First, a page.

American as a Morality Play That is Still Ongoing

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March 4, 2018

Midway in our life’s journey, I went astray from the straight road and woke to find myself alone in a dark wood. How shall I say what wood that was! I never saw so drear, so rank, so arduous a wilderness!

Dante, Inferno, Canto I

Republics don’t last forever. None ever has. Rome as a republic (a republic of the elites to be accurate, no democracy) succumbed finally to dictatorship, rule by emperors with absolute power. Some, like Hadrian, were wise; some, like Augustus, were competent; many, like Nero, were mad; most were incompetent, lazy, and ignorant. All but the wise few were corrupt, greedy, and given to luxury.

Athens as a democracy lasted less than 200 years until it too fell to internal political illness and was taken over by tyrants. France, as republican government is not much older than 150 years, and that only if one exempts the four years of occupation by the Nazis. Russia has never been a republic. The Weimar Republic lasted just 14 years, succumbing to Adolf Hitler who adroitly fomented social divisions and fears, and who used a paralyzed political system to seize absolute power without ever having won a majority of the vote. The United States, taking as a start date the final ratification of the constitution in 1790, has lasted 250 years. Where in this life cycle of republics is the United States today? Two hundred fifty years is a better than average run for a system of government that requires wisdom, values, and courage.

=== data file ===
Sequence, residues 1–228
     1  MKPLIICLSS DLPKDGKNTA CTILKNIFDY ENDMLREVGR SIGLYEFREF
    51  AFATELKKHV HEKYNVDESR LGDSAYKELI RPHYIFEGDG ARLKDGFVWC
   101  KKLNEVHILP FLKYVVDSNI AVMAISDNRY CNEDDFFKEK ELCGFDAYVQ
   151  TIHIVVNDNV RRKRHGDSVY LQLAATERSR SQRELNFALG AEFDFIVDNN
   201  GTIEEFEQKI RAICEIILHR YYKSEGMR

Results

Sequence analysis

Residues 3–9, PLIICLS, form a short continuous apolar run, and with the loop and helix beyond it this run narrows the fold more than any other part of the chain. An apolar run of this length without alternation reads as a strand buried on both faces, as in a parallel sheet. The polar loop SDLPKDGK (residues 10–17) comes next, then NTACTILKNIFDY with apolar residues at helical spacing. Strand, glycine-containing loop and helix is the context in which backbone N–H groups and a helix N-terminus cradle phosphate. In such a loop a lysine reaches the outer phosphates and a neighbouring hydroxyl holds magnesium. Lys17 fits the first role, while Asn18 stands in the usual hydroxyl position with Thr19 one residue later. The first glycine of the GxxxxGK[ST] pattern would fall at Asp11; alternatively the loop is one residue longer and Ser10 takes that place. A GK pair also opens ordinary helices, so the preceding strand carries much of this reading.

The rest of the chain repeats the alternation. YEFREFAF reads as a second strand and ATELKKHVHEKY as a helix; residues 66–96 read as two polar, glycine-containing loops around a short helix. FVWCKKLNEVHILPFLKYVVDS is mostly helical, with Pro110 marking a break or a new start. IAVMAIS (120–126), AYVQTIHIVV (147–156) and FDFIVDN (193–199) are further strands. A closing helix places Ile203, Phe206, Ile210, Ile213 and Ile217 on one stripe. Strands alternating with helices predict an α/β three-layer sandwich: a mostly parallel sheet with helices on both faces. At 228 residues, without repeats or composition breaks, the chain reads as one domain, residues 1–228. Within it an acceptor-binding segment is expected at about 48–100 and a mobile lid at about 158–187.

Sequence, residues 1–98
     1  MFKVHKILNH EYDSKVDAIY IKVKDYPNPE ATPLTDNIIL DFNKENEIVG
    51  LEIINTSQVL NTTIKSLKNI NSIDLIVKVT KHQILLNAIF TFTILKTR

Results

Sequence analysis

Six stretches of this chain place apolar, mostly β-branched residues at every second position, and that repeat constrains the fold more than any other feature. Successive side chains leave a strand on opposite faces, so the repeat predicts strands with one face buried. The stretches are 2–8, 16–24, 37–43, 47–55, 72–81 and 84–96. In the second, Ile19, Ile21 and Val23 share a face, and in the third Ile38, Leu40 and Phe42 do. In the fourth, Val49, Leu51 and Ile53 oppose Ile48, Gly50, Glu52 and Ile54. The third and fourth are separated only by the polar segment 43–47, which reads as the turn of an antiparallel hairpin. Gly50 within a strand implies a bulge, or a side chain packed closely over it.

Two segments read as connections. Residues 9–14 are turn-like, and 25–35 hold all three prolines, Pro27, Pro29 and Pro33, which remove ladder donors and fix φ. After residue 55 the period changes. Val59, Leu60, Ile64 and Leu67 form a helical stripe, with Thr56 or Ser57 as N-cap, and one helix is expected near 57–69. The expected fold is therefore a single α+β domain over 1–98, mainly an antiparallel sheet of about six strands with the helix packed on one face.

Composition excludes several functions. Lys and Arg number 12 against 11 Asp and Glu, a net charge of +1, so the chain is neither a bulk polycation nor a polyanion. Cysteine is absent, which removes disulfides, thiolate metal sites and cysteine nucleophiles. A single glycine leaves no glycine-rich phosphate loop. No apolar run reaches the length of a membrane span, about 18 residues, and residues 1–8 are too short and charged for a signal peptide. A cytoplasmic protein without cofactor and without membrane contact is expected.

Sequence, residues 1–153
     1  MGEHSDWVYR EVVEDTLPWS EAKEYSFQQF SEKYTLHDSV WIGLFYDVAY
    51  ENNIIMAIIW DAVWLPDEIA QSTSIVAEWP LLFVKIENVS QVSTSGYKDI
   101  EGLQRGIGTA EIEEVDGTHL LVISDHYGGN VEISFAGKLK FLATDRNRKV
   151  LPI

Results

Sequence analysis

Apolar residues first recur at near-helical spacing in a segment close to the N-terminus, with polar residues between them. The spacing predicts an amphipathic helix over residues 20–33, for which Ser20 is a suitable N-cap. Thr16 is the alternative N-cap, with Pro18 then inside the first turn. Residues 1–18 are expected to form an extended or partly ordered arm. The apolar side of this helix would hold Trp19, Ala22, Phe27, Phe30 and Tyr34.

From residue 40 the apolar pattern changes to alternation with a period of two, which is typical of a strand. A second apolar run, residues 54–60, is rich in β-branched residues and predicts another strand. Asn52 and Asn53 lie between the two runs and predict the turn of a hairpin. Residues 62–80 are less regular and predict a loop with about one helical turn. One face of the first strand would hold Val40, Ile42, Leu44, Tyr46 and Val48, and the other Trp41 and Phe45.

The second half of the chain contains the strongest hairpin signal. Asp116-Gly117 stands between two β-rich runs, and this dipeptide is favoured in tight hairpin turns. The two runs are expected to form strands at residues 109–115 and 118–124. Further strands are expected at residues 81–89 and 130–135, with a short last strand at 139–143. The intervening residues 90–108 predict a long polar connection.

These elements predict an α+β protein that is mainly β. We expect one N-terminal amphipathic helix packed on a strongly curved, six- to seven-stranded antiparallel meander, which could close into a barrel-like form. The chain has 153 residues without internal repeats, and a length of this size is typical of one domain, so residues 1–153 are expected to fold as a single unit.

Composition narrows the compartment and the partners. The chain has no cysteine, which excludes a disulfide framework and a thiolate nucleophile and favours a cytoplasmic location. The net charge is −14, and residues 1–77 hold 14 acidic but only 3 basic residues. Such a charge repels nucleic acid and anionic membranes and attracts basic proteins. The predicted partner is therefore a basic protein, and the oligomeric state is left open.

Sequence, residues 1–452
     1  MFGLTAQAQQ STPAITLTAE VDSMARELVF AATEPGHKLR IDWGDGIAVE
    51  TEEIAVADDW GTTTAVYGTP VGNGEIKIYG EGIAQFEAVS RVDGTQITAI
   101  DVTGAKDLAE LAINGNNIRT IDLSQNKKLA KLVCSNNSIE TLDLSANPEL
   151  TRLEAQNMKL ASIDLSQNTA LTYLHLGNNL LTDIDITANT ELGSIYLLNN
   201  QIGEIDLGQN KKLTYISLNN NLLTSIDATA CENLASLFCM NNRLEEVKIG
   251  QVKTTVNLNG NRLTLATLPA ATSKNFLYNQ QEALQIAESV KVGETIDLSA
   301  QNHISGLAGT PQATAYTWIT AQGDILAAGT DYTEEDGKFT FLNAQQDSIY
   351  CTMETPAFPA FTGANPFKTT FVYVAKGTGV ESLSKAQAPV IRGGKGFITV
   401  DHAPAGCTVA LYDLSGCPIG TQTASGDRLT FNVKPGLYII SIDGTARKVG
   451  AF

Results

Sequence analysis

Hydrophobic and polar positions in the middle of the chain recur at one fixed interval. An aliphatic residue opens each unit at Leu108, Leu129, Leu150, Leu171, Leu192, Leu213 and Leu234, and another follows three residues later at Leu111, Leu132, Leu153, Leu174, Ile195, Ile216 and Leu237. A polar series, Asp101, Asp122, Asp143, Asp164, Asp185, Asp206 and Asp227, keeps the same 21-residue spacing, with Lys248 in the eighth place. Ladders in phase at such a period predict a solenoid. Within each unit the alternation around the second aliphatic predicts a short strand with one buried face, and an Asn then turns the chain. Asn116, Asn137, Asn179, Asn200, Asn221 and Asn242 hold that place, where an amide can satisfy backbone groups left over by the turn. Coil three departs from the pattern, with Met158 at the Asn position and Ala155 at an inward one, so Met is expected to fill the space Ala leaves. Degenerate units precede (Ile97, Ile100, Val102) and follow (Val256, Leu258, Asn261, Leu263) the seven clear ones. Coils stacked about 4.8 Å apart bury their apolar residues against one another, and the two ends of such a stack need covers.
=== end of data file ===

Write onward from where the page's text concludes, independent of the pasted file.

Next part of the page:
Some believe that the American republic may be close to the end of its natural history, dying of old age induced political weakness or having caught a fatal virus.  That prediction may be too dire, but a great many, including myself, think that the republic has strayed far from the straight path and has stumbled into a very dark wood indeed. The United States is a poisoned society, both morally and intellectually, and divided against itself. The attacks on thought and on truth by Trump, by Fox News, and now, as we know, by foreign actors, have done the damage that they were intended to do.